Guy De Maupassant’s story “The Diamond Necklace” tells us a story about a poor girl who has wrong values in her life. She loves money, jewels, but not people. Throughout the story the main heroine Matilda Loisel makes a number of ironic discoveries. One night she goes to the ball and, pretending that she is someone she is not, she borrows a diamond necklace from her friend. She loses it at the end of the night and borrows money to buy a new one. It costs her 10 years of hard work, life in poverty, and more importantly youth and beauty to pay for one night of triumph, and at the end to find out that the necklace wasn’t even real. Matilda is as fake as the necklace she borrowed from her friend, and she gets punished for that.
Only after reading the story till the end we understand the importance of the title in this story. Looking at it for the first time a reader might think that this is a story about somebody rich, who can afford such an expensive jewel as diamond necklace. But this is not the case. The main character Matilda Loisel is poor and so is her husband, and “she had neither frocks nor jewels, nothing.”(298) The irony of the title is that there is only one truly diamond necklace in the story, the one Mr. and Mrs. Loisel bought to replace Mme. Forestier’s false necklace, the one that completely changed their lives. A reader may ask why couldn’t Matilda tell her friend the truth? What was she so afraid of?
Perhaps, she thought that Mme. Forestier would tell everybody that the necklace that Matilda wore that night didn’t belong to her and that she’s from the lower class. But that ball meant so much to Mrs. Loisel, for one night she felt like she was where she belongs. As Matilda lost her hope to find her friend’s necklace, she has realized how much that one night will cost her; but she was willing to pay that price just to keep the memories of her glory. She was the center of attention and that’s all that mattered to her. “She danced with enthusiasm, with passion, intoxicated with pleasure, thinking of nothing, in the The title of the Maupassant’s story refers to the real diamond necklace whereas the symbol is the necklace that Matilda borrowed and that turned out to be false.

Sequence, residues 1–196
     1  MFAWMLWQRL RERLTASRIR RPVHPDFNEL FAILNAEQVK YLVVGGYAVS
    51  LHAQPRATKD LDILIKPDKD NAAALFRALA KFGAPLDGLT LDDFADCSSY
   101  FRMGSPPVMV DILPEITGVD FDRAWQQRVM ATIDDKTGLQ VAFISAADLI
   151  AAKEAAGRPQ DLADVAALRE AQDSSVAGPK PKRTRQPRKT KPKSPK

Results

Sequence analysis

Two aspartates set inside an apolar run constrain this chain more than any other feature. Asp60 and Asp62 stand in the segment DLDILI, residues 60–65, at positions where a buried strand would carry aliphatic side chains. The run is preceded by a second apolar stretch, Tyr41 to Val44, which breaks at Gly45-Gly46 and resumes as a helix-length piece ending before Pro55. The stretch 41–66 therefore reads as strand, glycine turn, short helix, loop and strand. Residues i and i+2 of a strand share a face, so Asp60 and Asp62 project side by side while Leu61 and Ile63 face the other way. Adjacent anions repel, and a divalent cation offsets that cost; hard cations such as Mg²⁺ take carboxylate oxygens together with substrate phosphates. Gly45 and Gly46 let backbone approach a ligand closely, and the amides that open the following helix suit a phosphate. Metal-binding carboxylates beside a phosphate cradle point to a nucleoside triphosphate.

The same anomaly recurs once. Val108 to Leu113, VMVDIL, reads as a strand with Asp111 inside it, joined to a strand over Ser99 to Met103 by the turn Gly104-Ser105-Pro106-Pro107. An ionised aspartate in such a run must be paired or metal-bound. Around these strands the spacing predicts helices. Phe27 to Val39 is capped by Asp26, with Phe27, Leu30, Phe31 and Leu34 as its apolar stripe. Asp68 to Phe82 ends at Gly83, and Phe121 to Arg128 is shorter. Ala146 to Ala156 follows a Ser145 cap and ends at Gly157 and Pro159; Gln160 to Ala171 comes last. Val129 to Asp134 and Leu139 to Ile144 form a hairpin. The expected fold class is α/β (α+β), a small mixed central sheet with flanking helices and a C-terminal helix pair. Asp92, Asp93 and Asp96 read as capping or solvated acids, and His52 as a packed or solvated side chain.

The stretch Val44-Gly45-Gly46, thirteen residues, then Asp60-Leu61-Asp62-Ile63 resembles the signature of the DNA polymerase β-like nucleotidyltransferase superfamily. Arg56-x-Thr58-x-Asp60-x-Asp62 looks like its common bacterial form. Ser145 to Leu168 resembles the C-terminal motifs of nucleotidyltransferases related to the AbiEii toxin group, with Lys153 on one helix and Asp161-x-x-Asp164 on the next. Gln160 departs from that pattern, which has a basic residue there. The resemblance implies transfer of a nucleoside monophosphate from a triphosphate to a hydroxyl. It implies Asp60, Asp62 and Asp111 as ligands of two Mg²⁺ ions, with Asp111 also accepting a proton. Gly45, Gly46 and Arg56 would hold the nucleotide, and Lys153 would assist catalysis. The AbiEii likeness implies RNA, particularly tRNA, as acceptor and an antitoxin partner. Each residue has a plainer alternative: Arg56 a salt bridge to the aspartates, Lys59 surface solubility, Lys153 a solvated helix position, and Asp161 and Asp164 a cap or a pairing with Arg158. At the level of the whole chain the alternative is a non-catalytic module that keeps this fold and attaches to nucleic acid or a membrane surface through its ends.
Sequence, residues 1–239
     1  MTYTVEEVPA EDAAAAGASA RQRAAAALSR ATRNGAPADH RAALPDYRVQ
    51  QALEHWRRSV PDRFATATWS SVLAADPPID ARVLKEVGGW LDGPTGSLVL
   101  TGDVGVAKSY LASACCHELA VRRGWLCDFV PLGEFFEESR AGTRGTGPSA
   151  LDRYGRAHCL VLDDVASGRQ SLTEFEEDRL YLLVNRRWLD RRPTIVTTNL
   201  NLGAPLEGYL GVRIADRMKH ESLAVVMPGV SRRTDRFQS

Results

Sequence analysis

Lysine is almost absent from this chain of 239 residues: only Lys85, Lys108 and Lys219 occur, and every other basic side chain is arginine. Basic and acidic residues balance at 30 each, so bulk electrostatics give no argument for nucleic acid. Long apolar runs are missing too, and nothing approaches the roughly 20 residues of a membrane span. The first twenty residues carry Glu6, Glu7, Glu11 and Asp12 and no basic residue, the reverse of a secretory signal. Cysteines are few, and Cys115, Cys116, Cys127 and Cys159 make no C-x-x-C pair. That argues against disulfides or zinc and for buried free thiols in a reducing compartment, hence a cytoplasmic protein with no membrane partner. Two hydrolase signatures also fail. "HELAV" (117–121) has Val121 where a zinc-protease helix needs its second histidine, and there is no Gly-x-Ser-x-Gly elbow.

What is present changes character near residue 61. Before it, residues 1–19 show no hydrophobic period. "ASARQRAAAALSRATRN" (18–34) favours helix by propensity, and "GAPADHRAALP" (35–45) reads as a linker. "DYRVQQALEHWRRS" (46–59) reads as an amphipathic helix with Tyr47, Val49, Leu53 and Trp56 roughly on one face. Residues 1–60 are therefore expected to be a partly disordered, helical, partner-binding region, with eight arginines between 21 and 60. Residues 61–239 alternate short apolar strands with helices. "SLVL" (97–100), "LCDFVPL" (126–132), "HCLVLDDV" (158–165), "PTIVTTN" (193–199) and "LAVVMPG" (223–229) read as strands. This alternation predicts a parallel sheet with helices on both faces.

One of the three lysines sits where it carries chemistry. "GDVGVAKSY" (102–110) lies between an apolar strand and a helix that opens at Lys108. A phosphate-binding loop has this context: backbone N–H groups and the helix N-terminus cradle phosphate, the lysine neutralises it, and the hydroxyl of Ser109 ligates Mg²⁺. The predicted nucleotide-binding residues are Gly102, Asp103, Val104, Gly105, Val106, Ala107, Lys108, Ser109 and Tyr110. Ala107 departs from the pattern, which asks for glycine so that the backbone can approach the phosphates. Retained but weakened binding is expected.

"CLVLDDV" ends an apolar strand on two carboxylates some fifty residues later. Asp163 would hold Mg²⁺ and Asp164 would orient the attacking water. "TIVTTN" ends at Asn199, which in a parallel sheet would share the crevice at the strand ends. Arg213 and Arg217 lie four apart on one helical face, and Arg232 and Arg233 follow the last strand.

Guy de Maupassant Guy de Maupassant is acknowledged through the world as one of the masters of the short story; Guy de Maupassant was also the author of a collection of poetry, a volume of plays, three travel journals, six novels, and many chronicles. He produced some three hundred short stories in the single decade from 1880 to 1890; a period during which he produced most of his other works. Five ...
The choice that Matilda makes on the day of the ball when out of all the jewels that Mrs. Forestier showed her, she picked the false diamond necklace, symbolically tells us of the goals in life of this young lady. It also represents her and everybody’s at the ball inability to tell the difference between true and false. She’s the opposite of the Thurber’s “moth” – her goal doesn’t come from the heart but from French society of seventeenth century. She was “born, as if through an error of destiny, into a family of clerks”(297).
At the ball Matilda was enjoying attention of all the men, although deep inside she new that it was not real her they liked. That “elegant, gracious, smiling, and full of joy” lady was just an illusion (300).
And what else is ironical, if Matilda knew that the necklace was false she could’ve bought it for herself but she, most likely, wouldn’t feel so happy and confident at the ball because she wasn’t only trying to fool the audience she was also fooling herself. It is very symbolic how her husband and she leave the ball in the “old, noctural coupes that one sees in Paris after nightfall, as if they were ashamed of their misery by day.”(300) Matilda is ashamed of herself too when she needs to wear her modest wraps and nor the rich furs and tries to escape so that nobody sees her.
Life is a gift. It is an honor, a spark, an excitement. We all have a world of our own. Albert Camus, once said, “You will never be happy if you continue to search for what happiness consists of. You will never live if you are looking for the meaning of life” (Camus, 1946). Life is about living to your fullest abilities. Why waste our time looking for the meaning of each breath we take? Each ...